This month provides me the opportunity to share several examples of recent IoT hacks, and demonstrate how one can introduce risks when adding smart devices to a network. Leveraging this survey of happenings in IoT security breaches, it serves as a reminder to the importance of security as IoT evolves. As we’ve talked about in recent posts, MQTT is one example of a standard that is evolving to help address some security concerns in the IoT space. However, as we’ll see in at least one example, if users of IoT devices are not willing to care about security themselves, no amount of fancy protocols will solve your all your problems. Without further delay, let’s read through some of the more interesting recent IoT hacks.
Recently a casino was hacked through a smart fish tank connected to their network. This would seem like something one reads in the “News of the Weird” except this could happen on any connected device. The casino anticipated this being a risk and introduced additional security on the fish tank in an attempt to prevent hacking. Even with the extra security, hackers were still able to identify vulnerabilities and break into the fish tank and jump onto the casino’s network. Once there, they searched for and identified additional vulnerabilities on the network. While the casino was able to shut the hack down before serious damage was done, this has to be one of the most unique hacks I’ve read about in the IoT space.
Another notorious IoT attack that happened in 2016 was in Finland. Hackers used a distributed denial of service (DDoS) attack on the network of two different apartment buildings. If that’s not cold enough for you, the hackers then proceeded to turn off the heating systems in both buildings during the winter months! Thankfully, the issue could be quickly addressed before anyone had medical issues related to the cold.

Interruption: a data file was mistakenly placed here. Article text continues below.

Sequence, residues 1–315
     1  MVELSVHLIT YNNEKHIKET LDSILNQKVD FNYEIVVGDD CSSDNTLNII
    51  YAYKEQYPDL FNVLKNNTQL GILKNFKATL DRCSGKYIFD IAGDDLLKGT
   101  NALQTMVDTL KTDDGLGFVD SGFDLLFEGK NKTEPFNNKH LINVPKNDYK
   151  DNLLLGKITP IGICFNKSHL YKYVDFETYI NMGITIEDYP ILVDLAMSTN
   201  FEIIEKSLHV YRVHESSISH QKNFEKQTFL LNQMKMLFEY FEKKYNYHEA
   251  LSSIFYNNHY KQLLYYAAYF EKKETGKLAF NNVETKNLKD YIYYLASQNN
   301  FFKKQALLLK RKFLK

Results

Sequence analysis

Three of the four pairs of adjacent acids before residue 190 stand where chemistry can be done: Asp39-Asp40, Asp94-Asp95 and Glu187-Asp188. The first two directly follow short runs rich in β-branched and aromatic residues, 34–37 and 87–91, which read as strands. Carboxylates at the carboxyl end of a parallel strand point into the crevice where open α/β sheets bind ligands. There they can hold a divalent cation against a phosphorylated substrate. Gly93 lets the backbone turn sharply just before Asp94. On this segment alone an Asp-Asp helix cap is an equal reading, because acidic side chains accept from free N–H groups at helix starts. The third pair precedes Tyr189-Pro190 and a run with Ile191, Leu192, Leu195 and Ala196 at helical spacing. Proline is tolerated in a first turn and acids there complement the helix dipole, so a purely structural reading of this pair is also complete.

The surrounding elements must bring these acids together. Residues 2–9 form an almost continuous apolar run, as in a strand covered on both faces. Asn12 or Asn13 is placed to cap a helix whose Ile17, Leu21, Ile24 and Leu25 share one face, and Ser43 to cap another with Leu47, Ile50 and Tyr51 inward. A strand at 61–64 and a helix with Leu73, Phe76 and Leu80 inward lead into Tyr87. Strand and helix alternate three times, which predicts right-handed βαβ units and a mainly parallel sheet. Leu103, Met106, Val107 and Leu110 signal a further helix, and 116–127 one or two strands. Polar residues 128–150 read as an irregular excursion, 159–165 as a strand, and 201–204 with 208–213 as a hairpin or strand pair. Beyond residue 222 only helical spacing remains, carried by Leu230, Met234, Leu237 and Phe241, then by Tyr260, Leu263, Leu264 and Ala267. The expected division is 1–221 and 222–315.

Lastly, the BrickerBot attack of 2016 was popular as it revealed the extent to which hackers can exploit something that is always in oversupply – laziness. The BrickerBot hack is famous because it renders your latest smart device useless by putting it in a state of permanent denial-of-service. This was managed by checking to see if an IoT device was still setup with its factory default password. If a remote device was, it was susceptible to being hacked and essentially turned into junk just that quickly.
These three examples are interesting to read about as they cover a range of approaches hackers can take. In one case, the casino fish tank, preventative measures were taken but failed. In another case, BrickerBot, all hackers had to do was assume users were lazy enough to not modify default settings. Regardless of the case, these scenarios demonstrate some of the concerns around IoT that the market will continue to struggle with.
Know of any other interesting IoT hacks? Comment below! Have an IoT project you are thinking about creating? Give us a call and we’ll make it a success.